However. I admit. I was wrong. Very wrong. Looking at the scrolling feeds of women dressed in their black gowns and tuxedos, I realised their tonal uniformity did make for a powerful statement. By rejecting the typically flamboyant, sparkly, colourful and spangled red-carpet looks in which they tend to look like paid peacocks, they actually looked like real people. And although the dresses were still designer, and highly individual, they worked in a collective sense. Even the fact that many of the actresses “accessorised” their looks with female activists, whom they brought as their dates, was not as completely nauseating as I had imagined it would be. In fact, the arrangement looked authentic and rather charming.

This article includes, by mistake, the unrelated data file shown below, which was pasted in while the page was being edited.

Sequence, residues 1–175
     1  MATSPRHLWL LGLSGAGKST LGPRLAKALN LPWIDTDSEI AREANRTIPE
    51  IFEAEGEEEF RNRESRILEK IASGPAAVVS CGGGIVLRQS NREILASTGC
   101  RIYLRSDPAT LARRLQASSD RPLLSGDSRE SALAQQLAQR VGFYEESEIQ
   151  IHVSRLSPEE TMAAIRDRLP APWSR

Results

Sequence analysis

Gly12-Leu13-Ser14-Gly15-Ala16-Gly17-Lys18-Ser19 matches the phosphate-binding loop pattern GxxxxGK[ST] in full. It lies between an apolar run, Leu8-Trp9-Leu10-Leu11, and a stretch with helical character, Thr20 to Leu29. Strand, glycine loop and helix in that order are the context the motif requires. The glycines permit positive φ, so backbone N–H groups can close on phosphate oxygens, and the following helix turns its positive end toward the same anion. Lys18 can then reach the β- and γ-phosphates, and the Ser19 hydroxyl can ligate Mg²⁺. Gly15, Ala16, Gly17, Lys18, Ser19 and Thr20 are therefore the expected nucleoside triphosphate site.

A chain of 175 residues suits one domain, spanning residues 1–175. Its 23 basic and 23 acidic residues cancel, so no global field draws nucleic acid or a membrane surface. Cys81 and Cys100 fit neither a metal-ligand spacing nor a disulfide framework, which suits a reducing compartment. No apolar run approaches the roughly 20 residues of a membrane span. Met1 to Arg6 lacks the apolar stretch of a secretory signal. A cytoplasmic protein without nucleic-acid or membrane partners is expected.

More striking yet was that, having been liberated from the ghastly Baby Jane pastel tulles, the hideous florals and metallic mermaid-skirts, these women looked happy to be there. Ordinarily, the red carpet is a rictus of fear and self-doubt. Possibly, their joy was the simple relief of not having to endure the attentions of Harvey Weinstein, the disgraced film producer who must have regarded the awards season as a slave owner might have eyed an auction in the antebellum South. Was it a corollary of his influence that his Hollywood accession coincided with the extreme sexualisation of red-carpet dressing, where an actress’s worth was measured in her ability to pull off a flesh-baring gown or an infantile fairy frock? Instead, the new Globes dress code afforded women the same status as the men, and even while they looked elegant (it was by far the chicest red carpet I’ve seen), the clothes never upstaged the women inside them. They were taken seriously. No commentator even dared ask “about the dress”, as is the norm at award dos. Which was kind of a shame because, for the first time, the dresses had something to say.